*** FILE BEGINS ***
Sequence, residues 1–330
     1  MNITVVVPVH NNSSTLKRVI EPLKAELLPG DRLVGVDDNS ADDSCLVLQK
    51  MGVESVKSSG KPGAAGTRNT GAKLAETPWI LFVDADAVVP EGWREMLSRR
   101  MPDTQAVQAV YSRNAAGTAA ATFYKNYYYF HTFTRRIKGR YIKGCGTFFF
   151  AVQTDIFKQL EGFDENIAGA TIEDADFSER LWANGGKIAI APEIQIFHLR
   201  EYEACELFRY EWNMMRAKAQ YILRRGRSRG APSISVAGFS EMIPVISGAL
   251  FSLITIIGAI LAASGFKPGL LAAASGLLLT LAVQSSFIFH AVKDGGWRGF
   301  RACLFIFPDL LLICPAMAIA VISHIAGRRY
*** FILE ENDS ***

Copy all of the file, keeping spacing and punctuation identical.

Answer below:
Sequence, residues 1–330
     1  MNITVVVPVH NNSSTLKRVI EPLKAELLPG DRLVGVDDNS ADDSCLVLQK
    51  MGVESVKSSG KPGAAGTRNT GAKLAETPWI LFVDADAVVP EGWREMLSRR
   101  MPDTQAVQAV YSRNAAGTAA ATFYKNYYYF HTFTRRIKGR YIKGCGTFFF
   151  AVQTDIFKQL EGFDENIAGA TIEDADFSER LWANGGKIAI APEIQIFHLR
   201  EYEACELFRY EWNMMRAKAQ YILRRGRSRG APSISVAGFS EMIPVISGAL
   251  FSLITIIGAI LAASGFKPGL LAAASGLLLT LAVQSSFIFH AVKDGGWRGF
   301  RACLFIFPDL LLICPAMAIA VISHIAGRRY